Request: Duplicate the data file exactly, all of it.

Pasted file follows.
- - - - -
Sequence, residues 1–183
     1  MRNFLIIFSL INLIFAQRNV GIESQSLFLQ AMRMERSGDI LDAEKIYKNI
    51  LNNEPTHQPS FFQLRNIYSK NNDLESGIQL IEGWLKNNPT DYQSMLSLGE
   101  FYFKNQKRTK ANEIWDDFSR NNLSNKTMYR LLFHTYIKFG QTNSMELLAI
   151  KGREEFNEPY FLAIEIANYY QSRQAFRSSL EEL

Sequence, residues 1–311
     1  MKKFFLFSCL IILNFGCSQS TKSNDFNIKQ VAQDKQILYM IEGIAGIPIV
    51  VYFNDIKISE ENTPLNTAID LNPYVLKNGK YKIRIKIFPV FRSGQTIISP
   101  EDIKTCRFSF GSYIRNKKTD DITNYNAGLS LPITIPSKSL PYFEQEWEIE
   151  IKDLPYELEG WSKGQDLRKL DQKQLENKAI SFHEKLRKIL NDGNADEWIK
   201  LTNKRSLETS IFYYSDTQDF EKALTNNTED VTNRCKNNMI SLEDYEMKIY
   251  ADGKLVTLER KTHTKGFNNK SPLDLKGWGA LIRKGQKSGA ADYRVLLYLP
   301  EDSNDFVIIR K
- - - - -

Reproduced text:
Sequence, residues 1–183
     1  MRNFLIIFSL INLIFAQRNV GIESQSLFLQ AMRMERSGDI LDAEKIYKNI
    51  LNNEPTHQPS FFQLRNIYSK NNDLESGIQL IEGWLKNNPT DYQSMLSLGE
   101  FYFKNQKRTK ANEIWDDFSR NNLSNKTMYR LLFHTYIKFG QTNSMELLAI
   151  KGREEFNEPY FLAIEIANYY QSRQAFRSSL EEL

Sequence, residues 1–311
     1  MKKFFLFSCL IILNFGCSQS TKSNDFNIKQ VAQDKQILYM IEGIAGIPIV
    51  VYFNDIKISE ENTPLNTAID LNPYVLKNGK YKIRIKIFPV FRSGQTIISP
   101  EDIKTCRFSF GSYIRNKKTD DITNYNAGLS LPITIPSKSL PYFEQEWEIE
   151  IKDLPYELEG WSKGQDLRKL DQKQLENKAI SFHEKLRKIL NDGNADEWIK
   201  LTNKRSLETS IFYYSDTQDF EKALTNNTED VTNRCKNNMI SLEDYEMKIY
   251  ADGKLVTLER KTHTKGFNNK SPLDLKGWGA LIRKGQKSGA ADYRVLLYLP
   301  EDSNDFVIIR K